The official explanation for President Trump’s firing of former FBI director James Comey in May — that Comey had mishandled Hillary Clinton’s email investigation the year before — never made any sense.
Now, the New York Times and The Wall Street Journal report that special counsel Robert Mueller has obtained a letter Trump drafted to Comey in which Trump revealed the real reason for the firing: Trump was angry that Comey wouldn’t publicly confirm that the president wasn’t being investigated in the ongoing Russian electoral-interference probe.
In June, Comey testified before the Senate Intelligence Committee that he had confirmed as much to Trump privately, but did not know if the investigation might reach Trump eventually.
Trump drafted the characteristically belligerent letter, with help from advisor Stephen Miller, from his golf club in Bedminster, New Jersey. But the missive never made it to Comey. The Times reports:
The letter, drafted in May, was met with opposition from Donald F. McGahn II, the White House counsel, who believed that its angry, meandering tone was problematic, according to interviews with a dozen administration officials and others briefed on the matter. Among Mr. McGahn’s concerns were references to private conversations the president had with Mr. Comey, including times when the F.B.I. director told Mr. Trump he was not under investigation in the F.B.I.’s ongoing Russia inquiry.
Mr. McGahn successfully blocked the president from sending the letter to Mr. Comey, which Mr. Trump had composed with Stephen Miller, one of the president’s top political advisers. But a copy was given to the deputy attorney general, Rod J. Rosenstein, who then drafted his own letter. Mr. Rosenstein’s letter was ultimately used as the Trump administration’s public rationale for Mr. Comey’s firing, which was that Mr. Comey mishandled the investigation into Hillary Clinton’s private email server.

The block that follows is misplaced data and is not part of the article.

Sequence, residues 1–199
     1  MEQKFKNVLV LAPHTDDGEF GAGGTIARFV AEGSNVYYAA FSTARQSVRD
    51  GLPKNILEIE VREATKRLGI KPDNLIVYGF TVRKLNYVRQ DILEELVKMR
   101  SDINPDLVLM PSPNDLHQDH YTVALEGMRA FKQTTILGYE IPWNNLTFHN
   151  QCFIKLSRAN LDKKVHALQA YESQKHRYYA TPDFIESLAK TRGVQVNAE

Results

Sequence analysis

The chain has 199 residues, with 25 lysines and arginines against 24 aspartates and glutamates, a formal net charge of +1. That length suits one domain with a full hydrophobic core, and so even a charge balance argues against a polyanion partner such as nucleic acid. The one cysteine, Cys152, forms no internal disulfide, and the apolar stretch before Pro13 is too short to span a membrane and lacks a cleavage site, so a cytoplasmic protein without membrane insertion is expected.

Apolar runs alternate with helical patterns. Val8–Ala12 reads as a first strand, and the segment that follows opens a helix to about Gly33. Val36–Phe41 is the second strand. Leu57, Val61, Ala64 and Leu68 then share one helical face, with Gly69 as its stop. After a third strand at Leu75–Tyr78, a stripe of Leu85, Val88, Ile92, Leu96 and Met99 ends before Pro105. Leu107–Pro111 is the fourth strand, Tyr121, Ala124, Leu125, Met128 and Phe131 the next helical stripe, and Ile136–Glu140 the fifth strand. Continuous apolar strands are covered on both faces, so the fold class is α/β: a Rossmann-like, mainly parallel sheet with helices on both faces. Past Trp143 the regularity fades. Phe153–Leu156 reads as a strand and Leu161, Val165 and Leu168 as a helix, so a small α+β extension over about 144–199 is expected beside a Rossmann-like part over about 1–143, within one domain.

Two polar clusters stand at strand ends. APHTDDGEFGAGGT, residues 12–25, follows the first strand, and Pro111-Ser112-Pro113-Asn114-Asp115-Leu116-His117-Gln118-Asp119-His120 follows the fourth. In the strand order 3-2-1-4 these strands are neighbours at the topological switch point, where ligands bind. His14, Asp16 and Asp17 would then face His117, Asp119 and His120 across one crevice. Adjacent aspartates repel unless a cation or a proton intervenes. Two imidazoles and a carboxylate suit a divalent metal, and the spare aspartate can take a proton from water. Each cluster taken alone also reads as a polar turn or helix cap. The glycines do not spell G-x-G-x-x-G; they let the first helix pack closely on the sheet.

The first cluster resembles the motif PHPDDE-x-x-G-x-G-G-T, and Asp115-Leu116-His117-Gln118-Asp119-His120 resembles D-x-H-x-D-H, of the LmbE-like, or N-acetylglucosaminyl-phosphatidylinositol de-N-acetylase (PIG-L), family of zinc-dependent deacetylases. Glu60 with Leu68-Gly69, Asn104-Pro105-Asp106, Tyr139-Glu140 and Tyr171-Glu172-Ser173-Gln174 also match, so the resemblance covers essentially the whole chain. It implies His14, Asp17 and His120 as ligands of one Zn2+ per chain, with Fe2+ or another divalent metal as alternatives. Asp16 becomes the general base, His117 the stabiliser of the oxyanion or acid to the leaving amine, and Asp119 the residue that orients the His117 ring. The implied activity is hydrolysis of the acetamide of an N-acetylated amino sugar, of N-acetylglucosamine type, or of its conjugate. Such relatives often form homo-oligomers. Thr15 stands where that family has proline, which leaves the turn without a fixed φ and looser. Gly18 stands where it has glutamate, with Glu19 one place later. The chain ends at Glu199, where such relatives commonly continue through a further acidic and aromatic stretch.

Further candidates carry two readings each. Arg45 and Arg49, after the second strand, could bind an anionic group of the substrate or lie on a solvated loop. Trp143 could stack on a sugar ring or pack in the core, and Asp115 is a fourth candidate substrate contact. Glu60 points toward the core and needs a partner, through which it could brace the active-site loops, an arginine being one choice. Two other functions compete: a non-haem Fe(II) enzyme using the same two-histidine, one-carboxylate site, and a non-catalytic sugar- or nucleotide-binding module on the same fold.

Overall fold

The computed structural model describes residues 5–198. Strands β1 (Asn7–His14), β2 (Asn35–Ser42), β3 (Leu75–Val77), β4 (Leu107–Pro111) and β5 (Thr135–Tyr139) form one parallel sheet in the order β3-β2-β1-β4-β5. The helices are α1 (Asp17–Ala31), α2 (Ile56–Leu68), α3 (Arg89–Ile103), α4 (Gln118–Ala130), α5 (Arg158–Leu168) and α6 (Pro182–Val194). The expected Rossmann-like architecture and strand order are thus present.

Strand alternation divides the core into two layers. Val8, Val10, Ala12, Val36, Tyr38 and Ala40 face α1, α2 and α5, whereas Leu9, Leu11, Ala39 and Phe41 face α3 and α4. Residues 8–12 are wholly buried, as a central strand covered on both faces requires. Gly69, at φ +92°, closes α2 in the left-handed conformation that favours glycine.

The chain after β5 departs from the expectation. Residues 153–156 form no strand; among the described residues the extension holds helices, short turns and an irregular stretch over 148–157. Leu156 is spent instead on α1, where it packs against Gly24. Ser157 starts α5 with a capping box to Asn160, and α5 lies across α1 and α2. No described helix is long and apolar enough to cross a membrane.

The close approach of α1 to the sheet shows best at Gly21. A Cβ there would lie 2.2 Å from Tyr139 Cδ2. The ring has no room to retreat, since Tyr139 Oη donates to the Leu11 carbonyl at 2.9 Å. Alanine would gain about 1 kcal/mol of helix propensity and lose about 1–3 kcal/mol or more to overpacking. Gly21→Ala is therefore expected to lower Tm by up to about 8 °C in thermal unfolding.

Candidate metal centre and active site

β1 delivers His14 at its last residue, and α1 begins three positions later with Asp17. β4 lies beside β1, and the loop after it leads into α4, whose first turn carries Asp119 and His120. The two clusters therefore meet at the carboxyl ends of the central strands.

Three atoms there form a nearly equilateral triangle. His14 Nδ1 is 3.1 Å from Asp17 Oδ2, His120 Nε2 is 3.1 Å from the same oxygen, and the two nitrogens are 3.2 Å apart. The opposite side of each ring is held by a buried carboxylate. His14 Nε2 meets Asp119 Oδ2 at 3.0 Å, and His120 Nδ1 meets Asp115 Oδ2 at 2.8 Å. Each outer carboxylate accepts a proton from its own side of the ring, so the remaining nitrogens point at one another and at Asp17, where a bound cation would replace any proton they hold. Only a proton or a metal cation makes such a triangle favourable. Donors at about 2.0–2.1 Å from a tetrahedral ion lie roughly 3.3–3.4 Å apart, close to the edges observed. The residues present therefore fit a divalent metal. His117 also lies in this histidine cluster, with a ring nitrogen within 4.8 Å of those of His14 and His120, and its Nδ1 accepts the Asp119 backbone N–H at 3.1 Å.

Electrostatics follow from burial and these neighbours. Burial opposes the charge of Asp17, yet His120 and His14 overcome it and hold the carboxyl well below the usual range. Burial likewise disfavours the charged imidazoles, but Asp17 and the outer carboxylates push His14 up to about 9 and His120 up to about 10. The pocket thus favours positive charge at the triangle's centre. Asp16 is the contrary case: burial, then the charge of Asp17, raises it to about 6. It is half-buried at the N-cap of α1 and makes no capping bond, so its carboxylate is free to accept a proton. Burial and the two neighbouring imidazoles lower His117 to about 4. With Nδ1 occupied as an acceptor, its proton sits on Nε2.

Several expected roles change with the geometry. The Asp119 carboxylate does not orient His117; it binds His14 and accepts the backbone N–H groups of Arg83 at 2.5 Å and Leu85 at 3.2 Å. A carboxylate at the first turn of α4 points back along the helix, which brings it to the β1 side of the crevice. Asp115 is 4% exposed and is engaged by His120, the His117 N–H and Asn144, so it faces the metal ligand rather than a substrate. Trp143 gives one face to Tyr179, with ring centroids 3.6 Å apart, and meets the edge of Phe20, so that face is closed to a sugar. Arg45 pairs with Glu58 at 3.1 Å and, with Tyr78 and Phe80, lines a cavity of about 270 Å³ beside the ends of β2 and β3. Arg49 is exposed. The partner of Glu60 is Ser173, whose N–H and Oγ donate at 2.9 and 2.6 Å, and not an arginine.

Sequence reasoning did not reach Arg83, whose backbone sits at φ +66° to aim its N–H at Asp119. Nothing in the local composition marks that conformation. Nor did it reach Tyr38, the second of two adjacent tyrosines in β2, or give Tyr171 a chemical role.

Trump’s daughter Ivanka and son-in-law, Jared Kushner, were also in Bedminster that weekend, and Kushner was reportedly in favor of firing Comey. (The Times notes that rain forced Trump to cancel his tee time with legendary golfer Greg Norman, contributing to his noxious mood.)
The revelations cast Rosenstein in an unsavory light, since he appeared willing to go along with the phony explanation for Comey’s firing — though the Times account implies that he was genuinely concerned about Comey’s handling of the Clinton email scandal. Rosenstein also later appointed Mueller, largely seen as incorruptible, to investigate Trump’s behavior surrounding Russia. Mueller is now investigating — among many other things — whether Trump obstructed justice when he not-so-subtly asked Comey to end the investigation into former national security advisor Michael Flynn.
Trump had pretty much admitted the motive for firing Comey to NBC News back in May, telling Lester Holt that he was thinking of “this Russia thing” when he made the decision. He also told a group of Russians that Comey was a “nut job” whose absence would mean that the president wouldn’t face any more pressure over the Russia investigation.
But, of course, Trump’s ill-considered decision made his legal problems much worse.